Document Type



Media Studies (Pomona)

Publication Date



Academic; Authority; Nature; Peer review; Publishing; Science


Over the last several months, as I've met with the folks from if:book and with the quite impressive group of academics we pulled together to discuss the possibility of starting an all-electronic scholarly press, I've spent an awful lot of time thinking and talking about peer review-how it currently functions, why we need it, and how it might be improved. Peer review is extremely important-I want to acknowledge that right up front-but it threatens to become the axle around which all conversations about the future of publishing get wrapped, like Isadora Duncan's scarf, strangling any possible innovations in scholarly communication before they can get launched. In order to move forward with any kind of innovative publishing process, we must solve the peer review problem, but in order to do so, we first have to separate the structure of peer review from the purposes it serves-and we need to be a bit brutally honest with ourselves about those purposes, distinguishing between those purposes we'd ideally like peer review to serve and those functions it actually winds up fulfilling.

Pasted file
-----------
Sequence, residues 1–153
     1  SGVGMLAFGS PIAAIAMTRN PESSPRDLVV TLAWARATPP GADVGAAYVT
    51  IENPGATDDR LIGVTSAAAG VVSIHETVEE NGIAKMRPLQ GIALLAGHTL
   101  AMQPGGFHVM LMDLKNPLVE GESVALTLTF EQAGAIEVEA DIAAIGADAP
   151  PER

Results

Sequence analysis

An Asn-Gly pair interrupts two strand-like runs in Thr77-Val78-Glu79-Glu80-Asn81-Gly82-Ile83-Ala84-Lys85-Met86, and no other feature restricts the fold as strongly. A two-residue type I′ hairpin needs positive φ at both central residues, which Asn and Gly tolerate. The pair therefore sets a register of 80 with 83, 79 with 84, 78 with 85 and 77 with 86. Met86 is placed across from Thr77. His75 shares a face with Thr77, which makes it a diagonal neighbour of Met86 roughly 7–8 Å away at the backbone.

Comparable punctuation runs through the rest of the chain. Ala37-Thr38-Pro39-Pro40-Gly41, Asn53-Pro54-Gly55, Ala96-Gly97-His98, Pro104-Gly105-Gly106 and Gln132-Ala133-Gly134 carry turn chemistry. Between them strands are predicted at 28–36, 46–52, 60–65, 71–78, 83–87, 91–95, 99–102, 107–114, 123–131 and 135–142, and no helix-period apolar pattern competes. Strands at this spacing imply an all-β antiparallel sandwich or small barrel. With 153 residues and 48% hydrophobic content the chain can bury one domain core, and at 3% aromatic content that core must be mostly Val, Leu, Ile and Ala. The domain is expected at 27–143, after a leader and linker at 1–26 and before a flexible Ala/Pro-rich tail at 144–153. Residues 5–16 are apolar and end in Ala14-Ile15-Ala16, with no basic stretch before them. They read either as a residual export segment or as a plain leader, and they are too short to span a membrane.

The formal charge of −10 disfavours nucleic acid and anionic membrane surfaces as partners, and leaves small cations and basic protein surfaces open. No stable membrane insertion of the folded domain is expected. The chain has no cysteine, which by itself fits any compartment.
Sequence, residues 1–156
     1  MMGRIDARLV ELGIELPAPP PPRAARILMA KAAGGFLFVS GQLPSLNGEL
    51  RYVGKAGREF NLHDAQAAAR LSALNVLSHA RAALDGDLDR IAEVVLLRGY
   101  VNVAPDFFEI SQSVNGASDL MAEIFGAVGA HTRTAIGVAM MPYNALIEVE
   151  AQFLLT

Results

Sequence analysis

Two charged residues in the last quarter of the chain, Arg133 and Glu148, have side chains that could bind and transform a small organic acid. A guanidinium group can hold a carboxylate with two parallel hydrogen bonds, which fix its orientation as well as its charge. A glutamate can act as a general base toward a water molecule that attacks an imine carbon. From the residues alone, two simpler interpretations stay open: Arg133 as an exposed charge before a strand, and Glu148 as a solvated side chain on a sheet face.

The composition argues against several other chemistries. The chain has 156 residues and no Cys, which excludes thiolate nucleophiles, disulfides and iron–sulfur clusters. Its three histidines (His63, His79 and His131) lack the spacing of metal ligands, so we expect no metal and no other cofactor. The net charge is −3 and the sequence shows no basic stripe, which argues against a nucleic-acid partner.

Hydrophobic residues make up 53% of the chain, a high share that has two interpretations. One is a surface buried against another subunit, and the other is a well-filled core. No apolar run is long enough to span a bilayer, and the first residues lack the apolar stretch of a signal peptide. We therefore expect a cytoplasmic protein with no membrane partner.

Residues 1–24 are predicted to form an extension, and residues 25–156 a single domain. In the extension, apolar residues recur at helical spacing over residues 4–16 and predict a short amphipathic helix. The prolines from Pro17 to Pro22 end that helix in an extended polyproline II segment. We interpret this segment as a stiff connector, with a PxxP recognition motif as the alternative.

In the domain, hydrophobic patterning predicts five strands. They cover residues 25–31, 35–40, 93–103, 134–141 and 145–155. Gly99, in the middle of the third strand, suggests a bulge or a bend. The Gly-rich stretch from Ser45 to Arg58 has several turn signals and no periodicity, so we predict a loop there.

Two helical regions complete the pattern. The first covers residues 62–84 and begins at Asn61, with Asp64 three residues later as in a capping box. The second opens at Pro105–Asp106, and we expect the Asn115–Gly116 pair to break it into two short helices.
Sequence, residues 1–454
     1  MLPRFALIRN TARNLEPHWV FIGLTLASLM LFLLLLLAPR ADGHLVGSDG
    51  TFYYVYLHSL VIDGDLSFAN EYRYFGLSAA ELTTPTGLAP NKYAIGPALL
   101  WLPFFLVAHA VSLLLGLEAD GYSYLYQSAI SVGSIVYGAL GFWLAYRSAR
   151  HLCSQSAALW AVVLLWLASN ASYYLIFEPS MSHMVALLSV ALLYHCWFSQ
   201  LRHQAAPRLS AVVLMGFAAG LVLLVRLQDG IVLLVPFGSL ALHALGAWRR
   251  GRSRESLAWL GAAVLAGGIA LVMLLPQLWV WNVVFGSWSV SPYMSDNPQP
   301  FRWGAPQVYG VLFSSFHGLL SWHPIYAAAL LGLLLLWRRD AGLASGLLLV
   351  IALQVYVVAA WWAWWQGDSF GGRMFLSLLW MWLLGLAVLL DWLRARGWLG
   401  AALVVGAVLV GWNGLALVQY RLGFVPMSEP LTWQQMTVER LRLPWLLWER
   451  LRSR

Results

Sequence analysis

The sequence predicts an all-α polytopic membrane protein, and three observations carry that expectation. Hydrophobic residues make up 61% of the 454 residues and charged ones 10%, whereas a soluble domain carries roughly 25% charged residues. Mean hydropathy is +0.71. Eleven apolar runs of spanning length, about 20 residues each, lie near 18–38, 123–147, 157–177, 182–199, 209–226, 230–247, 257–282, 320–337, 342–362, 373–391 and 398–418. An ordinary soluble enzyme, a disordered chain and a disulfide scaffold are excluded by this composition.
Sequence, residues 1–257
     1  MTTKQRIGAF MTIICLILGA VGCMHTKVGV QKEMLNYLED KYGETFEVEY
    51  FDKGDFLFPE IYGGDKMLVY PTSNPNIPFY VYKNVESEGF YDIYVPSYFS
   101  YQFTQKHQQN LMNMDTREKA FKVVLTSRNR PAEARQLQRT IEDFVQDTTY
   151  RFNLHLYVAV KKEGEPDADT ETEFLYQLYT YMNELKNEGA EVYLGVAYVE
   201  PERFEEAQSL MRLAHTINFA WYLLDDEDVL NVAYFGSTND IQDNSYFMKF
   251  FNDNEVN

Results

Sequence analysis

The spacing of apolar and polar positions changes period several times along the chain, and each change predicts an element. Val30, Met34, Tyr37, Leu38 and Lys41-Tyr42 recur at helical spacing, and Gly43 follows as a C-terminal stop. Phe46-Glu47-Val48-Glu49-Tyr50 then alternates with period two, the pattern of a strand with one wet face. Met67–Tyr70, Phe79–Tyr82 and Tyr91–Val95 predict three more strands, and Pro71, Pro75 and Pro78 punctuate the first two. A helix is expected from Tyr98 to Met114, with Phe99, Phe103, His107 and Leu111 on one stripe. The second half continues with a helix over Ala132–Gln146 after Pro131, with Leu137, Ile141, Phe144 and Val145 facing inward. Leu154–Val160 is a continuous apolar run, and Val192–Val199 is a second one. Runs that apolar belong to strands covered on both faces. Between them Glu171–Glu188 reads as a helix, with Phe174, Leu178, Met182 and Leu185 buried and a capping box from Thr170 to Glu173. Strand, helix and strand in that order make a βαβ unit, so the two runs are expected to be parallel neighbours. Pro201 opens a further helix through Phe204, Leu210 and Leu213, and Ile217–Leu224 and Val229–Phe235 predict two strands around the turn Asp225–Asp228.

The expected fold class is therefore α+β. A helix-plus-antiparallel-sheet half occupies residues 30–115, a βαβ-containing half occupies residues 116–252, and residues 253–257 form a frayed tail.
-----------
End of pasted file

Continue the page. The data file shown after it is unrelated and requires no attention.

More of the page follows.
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© 2006 Kathleen Fitzpatrick

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